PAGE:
brought about by true chemical weapons, not just incapacitating but lethal gases, all-pervading, unstoppable, and leaving
a free way for advancing German troops. As a chemist, he
realized with full clarity that chemical weapons would never
remain the exclusive domain of one side. For that reason, he
attached so much weight to the element of surprise, shock,
and a spectacular military success, on a scale that would force
the enemy to capitulate. He argued that a quick victory
achieved in that way would on the whole reduce losses and
save human victims on all sides. The Hague conventions in
effect at that time prohibited the use of projectiles filled with
asphyxiating gases, but Haber quickly convinced himself and
others that if something was technologically possible it would
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Figure 12. Poster from D. Vandermeulen exposition.
definitely be used if only it could make more likely to win the
war. The threat of possible secret French and English research
on chemical weapons turned out to be an effective and
decisive argument against those opposing the violation of
existing conventions.
As a matter of fact, that line of reasoning did not differ
much from the American Manhattan project during World
War II. The use of nuclear weapons in Japan certainly caused
a shock, helped to bring forward the end the war, already won
anyway, and saved many lives, at least American ones. In
contrast to Habers old-fashioned ideas, the new weapon was
used not on the battlefield but against civilian population, in
agreement with the generally accepted military doctrine of
World War II. The amazing effectiveness of the weapon
intensified the shock experienced by Japans staff officers,
prompting capitulation, which was completely contrary to the
Japanese war tradition.
Fritz Haber turned the Kaiser Wilhelm Institute he
headed into an efficient machine supporting the ongoing
war effort. The task of the institute for the time of war was not
only to develop new, more effective kinds of chemical
weapons but also to devise adequate protections, in reasonable anticipation of imminent use of similar weapons by the
opponents. The institute grew immensely: 1500 people, including 150 scientists, worked, or rather served, there. They
included future Nobel Prize winners, such as Otto Hahn,
James Franck, and Gustav Hertz. The scale of engagement
and the organizational conception developed by Haber
foreshadowed a new era of direct involvement of science in
war, portending the Manhattan project, a war and a generation later. Similar establishments were also brought into
existence on the Entente side, especially in England and
France.
Even though it is estimated that nearly half of the shells
used in the last year of the war were filled with war gases,
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Haber-Ammonia-Artificial Fertilizers-Environmental Pollution. Zyklon B, existing in the public mind as a tool of mass
extermination, was developed as a strong and effective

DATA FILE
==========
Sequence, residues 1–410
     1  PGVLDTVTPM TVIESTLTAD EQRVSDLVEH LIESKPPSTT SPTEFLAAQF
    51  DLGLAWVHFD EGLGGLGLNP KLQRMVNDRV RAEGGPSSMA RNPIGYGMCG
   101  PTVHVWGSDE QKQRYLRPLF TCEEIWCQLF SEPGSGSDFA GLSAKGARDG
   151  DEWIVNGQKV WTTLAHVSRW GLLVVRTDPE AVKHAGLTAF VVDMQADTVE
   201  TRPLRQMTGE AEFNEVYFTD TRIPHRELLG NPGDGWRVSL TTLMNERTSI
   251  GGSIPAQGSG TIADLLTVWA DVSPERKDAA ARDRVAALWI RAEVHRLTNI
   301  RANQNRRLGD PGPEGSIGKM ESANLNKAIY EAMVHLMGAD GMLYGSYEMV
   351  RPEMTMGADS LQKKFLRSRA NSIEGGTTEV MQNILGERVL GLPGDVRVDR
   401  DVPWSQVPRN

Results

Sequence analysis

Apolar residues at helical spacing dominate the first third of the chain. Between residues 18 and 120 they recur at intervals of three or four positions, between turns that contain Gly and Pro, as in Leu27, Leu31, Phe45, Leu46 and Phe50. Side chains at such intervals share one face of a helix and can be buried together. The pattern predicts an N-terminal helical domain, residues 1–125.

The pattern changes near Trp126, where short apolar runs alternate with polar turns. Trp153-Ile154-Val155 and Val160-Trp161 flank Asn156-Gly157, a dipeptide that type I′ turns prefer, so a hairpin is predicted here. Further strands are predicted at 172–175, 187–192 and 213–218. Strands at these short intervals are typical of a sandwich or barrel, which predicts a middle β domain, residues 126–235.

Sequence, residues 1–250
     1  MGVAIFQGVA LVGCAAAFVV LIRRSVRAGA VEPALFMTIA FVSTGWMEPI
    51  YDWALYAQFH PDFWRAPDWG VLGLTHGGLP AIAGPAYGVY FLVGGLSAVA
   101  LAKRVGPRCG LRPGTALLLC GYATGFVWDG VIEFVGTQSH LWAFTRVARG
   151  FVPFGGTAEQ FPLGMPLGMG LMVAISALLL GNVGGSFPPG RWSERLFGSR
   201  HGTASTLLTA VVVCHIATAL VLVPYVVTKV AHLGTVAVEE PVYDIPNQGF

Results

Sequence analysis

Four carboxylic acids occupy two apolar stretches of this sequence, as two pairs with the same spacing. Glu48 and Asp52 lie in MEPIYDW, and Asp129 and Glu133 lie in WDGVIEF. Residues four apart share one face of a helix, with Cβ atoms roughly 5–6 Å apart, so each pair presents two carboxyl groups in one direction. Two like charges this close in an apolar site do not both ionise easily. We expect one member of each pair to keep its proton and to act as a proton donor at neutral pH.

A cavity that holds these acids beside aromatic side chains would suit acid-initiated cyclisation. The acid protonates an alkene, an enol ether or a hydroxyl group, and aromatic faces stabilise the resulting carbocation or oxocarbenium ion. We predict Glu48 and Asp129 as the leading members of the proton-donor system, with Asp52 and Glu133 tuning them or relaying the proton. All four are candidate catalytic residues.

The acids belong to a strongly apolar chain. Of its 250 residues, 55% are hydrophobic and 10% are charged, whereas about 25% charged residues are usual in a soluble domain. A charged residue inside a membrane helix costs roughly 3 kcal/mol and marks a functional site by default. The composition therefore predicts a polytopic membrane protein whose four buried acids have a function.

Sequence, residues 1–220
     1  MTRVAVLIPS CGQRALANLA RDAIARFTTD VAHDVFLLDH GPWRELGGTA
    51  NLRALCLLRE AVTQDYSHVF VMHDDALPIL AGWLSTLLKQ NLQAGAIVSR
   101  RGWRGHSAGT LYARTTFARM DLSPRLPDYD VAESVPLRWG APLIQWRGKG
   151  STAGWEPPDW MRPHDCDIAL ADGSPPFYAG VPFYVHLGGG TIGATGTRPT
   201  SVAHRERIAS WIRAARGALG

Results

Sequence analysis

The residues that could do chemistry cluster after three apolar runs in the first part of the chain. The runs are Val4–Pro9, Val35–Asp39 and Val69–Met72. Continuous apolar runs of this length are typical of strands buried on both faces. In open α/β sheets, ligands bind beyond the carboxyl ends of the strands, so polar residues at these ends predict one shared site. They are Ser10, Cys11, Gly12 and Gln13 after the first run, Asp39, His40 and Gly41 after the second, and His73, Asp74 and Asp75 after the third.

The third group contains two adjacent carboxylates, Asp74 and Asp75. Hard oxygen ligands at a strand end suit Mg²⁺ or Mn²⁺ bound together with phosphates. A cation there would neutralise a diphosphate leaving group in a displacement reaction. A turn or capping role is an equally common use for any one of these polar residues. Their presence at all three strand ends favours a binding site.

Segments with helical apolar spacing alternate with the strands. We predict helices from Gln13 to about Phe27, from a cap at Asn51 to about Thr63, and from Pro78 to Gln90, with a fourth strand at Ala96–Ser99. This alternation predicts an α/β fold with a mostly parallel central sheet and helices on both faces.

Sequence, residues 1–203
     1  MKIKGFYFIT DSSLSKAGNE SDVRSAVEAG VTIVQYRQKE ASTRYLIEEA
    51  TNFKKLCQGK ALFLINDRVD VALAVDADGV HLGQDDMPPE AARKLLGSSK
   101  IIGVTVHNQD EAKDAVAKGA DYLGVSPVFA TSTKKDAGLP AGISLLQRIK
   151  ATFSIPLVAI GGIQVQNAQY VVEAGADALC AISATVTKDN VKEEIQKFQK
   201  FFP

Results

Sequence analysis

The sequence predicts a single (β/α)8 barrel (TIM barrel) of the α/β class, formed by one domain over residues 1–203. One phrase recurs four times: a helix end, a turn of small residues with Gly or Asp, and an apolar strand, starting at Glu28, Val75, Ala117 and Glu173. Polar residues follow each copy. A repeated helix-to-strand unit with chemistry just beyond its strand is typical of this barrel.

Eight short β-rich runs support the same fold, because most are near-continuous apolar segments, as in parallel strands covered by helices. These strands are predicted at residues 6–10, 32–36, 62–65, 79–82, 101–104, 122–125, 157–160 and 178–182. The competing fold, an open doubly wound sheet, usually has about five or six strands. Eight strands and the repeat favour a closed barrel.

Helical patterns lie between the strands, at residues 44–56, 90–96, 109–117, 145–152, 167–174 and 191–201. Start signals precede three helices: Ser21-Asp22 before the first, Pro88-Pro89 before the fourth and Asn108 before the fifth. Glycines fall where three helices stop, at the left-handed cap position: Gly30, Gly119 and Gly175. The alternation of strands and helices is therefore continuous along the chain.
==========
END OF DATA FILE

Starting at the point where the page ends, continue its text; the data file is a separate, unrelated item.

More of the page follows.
insecticide. As a matter of fact, it is still used as such but, to
avoid grim associations, marketed under a different name. It
is produced as Uragan D2 at a plant in Kolin, Czech
Republic.[18] In fact, it is the same plant that, then known as
Kaliwerken, supplied Zyklon B for Auschwitz in 1943–1945.
Taboo
Figure 13. Group picture, taken in 1921 at the Farewell of James Franck
from the Kaiser Wilhelm Institute in Berlin—now called Fritz Haber
Institute—leaving for his professorship at the University of Gçttingen.
From left to right: Hertha Sponer, Albert Einstein, Hugo Grotrian,
Ingrid Franck (wife of James Franck), Wilhelm Westphal, James Franck,
Otto von Bayer, Lise Meitner, Peter Pringsheim, Fritz Haber, Gustav
Hertz, Otto Hahn).
chemical weapons were in no way decisive with regard to the
final outcome of World War I. Used by all sides, they were the
cause of individual tragedies of soldiers but had no effect on
the plans of army staffs. A representative of the United States,
refusing to sign a Hague declaration banning chemical
weapons, effectively stated that there was little difference
between the allowable use of a stream of molten metal tearing
apart human bodies and the illegitimate use of poisonous gas
filling the lungs.[16] Habers chlorine released directly from
thousands of cylinders towards the trenches at Ypres was only
a prelude. It was the subsequent generations of chemical
weapons, developed after the war, and the improved means of
delivery that led to the creation of a certain balance of fear,
effectively blocking the use of chemical warfare during World
War II.
Death on the Frontline, Death in the Extermination
Camps
Judging past events by the present standards can be tricky.
The traumatic experiences of World War II shaped the
historical awareness of post-war European generations for
decades; they carved mental furrows that continue to channel
diverse streams of thoughts, sometimes without their true
origins being realized. The figure of Fritz Haber, viewed
through the conceptual filters of the Holocaust, mass
extermination, fallen totalitarian systems, and additionally
framed in contemporary political correctness, becomes a
bizarre construct that has little to do with the realities of his